Grateful Dead: From the Archives and From the Road
His dual work with Mickey as recorded on Dick's Volume 32 is one of the recurring delights of that set, to the extent the pair might listen to the comparatively succinct "Drums/Space" there to hear how such an interlude maintains pace rather than disrupting it(their second night spotlight was unintentionally comedic). The insistent means by which Brent Mydland insinuated himself into the Dead's instrumental mix is notable here too because during his tenure with the band the late keyboardist proved himself extremely versatile as a musician, singer and composer (The Dead played his "Just A Little Light" on July 30th 2004). And he wasn't reticent about taking part in the group jams either: as the Wisconsin set steams to its close, noticeably picking up speed via "Wharf Rat," his is no small role.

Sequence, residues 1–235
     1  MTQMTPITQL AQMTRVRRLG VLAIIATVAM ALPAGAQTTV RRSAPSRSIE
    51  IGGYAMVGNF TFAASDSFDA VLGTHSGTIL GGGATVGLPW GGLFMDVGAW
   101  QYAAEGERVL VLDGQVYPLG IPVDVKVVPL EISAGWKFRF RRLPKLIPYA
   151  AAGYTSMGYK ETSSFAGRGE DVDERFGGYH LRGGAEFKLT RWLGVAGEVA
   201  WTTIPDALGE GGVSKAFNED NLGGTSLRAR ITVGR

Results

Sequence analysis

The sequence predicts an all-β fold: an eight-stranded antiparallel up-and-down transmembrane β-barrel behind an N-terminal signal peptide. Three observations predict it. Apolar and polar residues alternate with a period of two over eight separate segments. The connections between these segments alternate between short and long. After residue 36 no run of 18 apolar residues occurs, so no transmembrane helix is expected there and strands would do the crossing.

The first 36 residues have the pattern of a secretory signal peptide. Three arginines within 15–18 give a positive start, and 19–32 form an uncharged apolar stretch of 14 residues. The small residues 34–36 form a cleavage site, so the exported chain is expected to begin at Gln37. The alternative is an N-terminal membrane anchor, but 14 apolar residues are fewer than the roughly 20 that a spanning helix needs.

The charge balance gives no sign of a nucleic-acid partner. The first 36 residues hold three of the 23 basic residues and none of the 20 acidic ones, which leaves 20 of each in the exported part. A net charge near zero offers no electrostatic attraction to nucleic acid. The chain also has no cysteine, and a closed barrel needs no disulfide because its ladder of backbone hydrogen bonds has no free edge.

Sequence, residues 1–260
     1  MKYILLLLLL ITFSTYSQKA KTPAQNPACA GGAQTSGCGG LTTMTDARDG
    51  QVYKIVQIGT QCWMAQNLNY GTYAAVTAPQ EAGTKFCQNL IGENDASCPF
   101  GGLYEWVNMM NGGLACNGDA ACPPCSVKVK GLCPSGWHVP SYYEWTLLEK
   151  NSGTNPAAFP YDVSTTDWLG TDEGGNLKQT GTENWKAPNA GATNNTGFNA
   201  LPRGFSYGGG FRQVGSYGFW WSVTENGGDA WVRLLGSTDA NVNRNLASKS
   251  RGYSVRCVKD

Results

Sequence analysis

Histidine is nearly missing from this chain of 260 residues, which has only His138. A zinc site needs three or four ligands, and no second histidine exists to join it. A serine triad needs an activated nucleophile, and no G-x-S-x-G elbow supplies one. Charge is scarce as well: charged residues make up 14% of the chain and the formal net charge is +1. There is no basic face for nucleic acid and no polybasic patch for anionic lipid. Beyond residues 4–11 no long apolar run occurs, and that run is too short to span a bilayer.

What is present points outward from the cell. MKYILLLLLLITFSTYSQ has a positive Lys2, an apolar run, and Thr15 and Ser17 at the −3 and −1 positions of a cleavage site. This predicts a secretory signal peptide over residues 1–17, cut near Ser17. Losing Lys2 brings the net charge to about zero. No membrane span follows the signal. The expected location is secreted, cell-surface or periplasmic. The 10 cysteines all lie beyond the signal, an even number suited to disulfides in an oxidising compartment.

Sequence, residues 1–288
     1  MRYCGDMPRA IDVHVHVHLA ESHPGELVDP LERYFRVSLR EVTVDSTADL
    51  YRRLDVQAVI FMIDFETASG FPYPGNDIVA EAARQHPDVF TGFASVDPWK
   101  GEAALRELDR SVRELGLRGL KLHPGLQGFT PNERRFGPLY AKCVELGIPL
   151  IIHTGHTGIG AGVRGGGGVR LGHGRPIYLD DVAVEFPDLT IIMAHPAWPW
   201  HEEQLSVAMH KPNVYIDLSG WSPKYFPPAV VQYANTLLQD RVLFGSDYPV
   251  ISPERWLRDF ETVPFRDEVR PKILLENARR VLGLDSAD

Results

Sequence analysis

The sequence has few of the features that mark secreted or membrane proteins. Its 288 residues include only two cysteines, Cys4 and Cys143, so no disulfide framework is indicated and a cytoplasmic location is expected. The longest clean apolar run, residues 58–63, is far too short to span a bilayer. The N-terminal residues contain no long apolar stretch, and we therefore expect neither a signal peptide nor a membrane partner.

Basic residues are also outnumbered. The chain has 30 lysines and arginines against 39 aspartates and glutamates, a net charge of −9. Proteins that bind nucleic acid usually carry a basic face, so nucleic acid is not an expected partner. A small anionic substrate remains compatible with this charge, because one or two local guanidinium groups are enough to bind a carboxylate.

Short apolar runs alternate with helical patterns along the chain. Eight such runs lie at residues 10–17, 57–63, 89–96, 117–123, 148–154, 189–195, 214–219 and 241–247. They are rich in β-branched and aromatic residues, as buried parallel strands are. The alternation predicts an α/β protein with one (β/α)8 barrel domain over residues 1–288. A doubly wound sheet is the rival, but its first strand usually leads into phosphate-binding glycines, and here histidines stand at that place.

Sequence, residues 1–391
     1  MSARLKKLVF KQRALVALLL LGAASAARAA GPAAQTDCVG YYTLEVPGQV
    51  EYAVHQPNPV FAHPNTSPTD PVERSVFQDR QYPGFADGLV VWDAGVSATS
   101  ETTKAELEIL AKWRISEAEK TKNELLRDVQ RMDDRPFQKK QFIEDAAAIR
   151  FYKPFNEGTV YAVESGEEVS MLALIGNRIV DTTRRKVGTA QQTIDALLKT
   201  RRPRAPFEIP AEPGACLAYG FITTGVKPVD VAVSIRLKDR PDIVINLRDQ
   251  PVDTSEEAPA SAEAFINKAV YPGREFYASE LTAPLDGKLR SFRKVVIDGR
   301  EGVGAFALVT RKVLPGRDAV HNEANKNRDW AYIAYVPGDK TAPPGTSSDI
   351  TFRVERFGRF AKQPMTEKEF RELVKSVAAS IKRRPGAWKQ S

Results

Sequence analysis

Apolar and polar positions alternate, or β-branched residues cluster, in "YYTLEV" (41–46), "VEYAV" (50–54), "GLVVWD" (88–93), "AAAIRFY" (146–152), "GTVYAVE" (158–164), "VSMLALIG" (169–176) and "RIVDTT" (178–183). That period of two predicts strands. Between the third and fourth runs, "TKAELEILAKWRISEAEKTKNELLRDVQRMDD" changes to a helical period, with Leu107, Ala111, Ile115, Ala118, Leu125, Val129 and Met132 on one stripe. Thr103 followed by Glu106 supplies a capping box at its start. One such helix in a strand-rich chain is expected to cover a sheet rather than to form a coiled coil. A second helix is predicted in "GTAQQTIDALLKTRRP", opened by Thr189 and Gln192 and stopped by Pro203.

The Dead's peers in rock and roll improvisation, The Allman Brothers , might be rightly criticized these days for maintaining too standard a repertoire. But ABB knows quite rightly what tunes will get them where they want to go, either in soaring flight or descending to the depths of the blues. These days, The Dead might consider curtailing their free-spirited inclinations with just a touch of well-earned savvy and tailor their sets more carefully by their choice of songs: history based on the recorded documents of Rockin' the Rhein and Dick's Picks Volume 32, plus the near-schizophrenic presentation just outside of Beantown, suggests it'd make their shows much less of a gamble and tilt the odds in favor of the musical magic for which they are rightly renowned.